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Alpha Kappa Alpha was organized on the campus of Howard University in Washington, D.C., during the 1907-1908 academic year, making it the oldest Greek-letter organization established in America by women of color. Ethel Hedgemon, then a member of the junior class, returned from summer vacation inspired to meet women of like mind to organize a sorority. In Miner Hall, Ethel and her friends formed a group of nine to create this dream. Included were the Burke sisters (Beulah and Lillie), Margaret Flagg Holmes, Marjorie Hill, Lucy Slowe, Marie Woodfolk Taylor, Anna Easter Brown, and Lavinia Norman. In January 1908, the organization became a recognized campus group and the official life of Alpha Kappa Alpha has been continuous since that time.


The planning team of nine worked diligently to select a name and colors, draft a constitution, develop a motto, and identify an official symbol. Beulah Burke, who had studied Greek and classic symbolism, suggested the name Alpha Kappa Alpha and recommended that the colors be salmon pink and apple green. Ethel Hedgemon’s assignment was to design an insignia. Her green enameled ivy leaf with the letters, A, K, and A engraved in gold on the point of each leaf was unanimously adopted. While the idea of the Sorority originated from Ethel, a junior, the newly adopted constitution stipulated that the president should be a senior. With sisterly admiration and based on Ethel’s nomination, Lucy Slowe was elected the first president of Alpha Kappa Alpha.


It was also decided that a group of sophomore women who had shown exceptional interest in the organization should be invited to join in order to ensure continuity. Six members of the original nine were scheduled to graduate in June, so Marie Woodfolk approached sophomores who possessed the desired qualifications of seriousness, studiousness, and responsibility. Late in February 1908, seven sophomores were admitted without initiation. These members were Joanna Berry, Norma Boyd, Ethel Jones, Sarah Meriweather, Alice Murray, Carrie Snowden, and Harriet Terry. These seven and the original nine are all honored as Alpha Kappa Alpha “founders”. They are remembered especially at Founders’ Day each January.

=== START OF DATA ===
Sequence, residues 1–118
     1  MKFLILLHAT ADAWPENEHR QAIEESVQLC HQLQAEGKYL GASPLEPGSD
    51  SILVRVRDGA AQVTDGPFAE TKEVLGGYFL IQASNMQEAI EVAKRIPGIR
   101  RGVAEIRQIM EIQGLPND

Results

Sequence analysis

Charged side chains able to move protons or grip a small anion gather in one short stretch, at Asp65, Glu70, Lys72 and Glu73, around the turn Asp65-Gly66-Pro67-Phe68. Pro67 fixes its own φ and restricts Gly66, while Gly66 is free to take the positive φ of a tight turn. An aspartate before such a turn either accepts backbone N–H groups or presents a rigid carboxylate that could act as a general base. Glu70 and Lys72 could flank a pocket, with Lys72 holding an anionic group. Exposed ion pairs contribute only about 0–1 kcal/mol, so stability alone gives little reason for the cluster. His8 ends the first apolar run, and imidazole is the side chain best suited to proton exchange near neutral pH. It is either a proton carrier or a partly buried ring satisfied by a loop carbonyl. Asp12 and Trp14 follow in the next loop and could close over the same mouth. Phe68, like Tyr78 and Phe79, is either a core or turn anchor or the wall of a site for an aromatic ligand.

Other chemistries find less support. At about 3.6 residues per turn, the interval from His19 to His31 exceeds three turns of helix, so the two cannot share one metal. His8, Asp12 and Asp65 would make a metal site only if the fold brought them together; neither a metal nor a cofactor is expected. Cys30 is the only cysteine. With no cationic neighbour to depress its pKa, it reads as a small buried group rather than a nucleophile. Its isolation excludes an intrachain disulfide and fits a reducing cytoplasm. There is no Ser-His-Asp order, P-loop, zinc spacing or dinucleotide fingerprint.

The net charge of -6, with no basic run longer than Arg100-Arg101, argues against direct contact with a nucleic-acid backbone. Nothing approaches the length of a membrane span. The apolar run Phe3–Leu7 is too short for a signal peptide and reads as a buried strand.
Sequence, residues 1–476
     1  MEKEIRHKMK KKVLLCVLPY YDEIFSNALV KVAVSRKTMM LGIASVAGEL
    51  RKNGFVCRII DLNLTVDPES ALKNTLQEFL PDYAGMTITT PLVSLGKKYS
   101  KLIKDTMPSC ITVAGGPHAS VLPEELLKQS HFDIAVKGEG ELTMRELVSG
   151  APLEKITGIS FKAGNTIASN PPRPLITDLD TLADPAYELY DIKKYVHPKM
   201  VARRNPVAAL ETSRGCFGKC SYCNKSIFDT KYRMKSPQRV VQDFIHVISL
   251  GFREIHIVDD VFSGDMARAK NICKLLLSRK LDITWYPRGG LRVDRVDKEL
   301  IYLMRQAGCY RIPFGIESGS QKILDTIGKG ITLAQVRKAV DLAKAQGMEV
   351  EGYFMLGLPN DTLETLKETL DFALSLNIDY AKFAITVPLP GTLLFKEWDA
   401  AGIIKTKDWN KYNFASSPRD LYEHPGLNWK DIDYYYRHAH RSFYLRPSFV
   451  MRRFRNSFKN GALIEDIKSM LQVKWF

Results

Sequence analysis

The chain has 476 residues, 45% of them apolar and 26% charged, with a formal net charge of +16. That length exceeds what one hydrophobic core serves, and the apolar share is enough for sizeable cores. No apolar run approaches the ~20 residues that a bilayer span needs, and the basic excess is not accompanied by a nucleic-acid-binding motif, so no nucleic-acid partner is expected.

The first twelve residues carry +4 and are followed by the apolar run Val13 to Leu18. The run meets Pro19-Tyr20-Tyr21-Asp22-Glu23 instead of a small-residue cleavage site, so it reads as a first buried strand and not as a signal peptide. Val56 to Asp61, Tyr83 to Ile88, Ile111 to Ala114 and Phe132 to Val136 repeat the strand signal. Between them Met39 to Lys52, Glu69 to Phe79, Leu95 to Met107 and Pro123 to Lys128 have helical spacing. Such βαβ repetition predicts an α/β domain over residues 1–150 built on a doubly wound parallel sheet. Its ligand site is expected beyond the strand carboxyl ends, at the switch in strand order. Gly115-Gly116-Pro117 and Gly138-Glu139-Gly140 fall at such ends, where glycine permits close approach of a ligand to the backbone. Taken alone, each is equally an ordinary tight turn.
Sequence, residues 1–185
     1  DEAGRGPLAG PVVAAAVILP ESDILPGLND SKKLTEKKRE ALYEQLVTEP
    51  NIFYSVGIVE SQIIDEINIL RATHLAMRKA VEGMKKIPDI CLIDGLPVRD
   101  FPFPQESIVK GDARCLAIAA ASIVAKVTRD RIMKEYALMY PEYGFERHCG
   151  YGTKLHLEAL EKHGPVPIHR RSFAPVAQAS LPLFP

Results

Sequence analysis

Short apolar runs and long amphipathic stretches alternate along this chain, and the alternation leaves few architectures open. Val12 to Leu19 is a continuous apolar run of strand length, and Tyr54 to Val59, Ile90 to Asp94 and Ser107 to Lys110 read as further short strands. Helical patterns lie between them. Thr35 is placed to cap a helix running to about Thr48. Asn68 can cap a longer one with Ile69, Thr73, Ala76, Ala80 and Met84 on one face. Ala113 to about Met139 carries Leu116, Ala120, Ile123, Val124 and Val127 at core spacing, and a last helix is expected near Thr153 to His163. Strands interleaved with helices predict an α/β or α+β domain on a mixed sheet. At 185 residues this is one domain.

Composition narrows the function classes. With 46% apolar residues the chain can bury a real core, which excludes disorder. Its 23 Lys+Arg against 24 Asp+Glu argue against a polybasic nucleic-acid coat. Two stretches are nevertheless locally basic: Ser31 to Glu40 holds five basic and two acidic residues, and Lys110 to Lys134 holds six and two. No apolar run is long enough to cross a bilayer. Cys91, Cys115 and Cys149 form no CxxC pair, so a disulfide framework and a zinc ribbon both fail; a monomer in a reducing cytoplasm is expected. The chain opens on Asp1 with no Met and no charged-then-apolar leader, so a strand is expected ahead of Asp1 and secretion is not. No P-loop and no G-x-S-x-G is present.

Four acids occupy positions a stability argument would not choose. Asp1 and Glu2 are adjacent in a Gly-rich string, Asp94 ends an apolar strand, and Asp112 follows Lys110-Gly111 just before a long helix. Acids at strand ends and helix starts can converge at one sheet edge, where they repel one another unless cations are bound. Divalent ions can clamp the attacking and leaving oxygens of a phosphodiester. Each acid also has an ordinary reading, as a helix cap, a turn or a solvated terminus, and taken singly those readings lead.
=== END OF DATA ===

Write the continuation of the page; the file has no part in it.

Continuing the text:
Alpha Kappa Alpha’s development has been influenced not only by growth of its membership, but by conditions in the culture. Consistent throughout the years has been an emphasis on uplifting membership standards of high scholarship, leadership, service, and exemplary character. Today the influence and concerns of Alpha Kappa Alpha Sorority, Incorporated extend far beyond campus gates and student interests. With membership approaching 200,000, the singular determination to be “supreme in service to all mankind” reverberates throughout the United States, Africa, Asia, Europe, and the Caribbean. In 2008, the sorority celebrated the 100th Anniversary of its founding. A comprehensive collection of historical documents, materials, memorabilia, and artifacts can be found at the National Alpha Kappa Alpha Archives housed at the Moorland-Spingarn Research Center Manuscript Library, Howard University, Washington, D.C.

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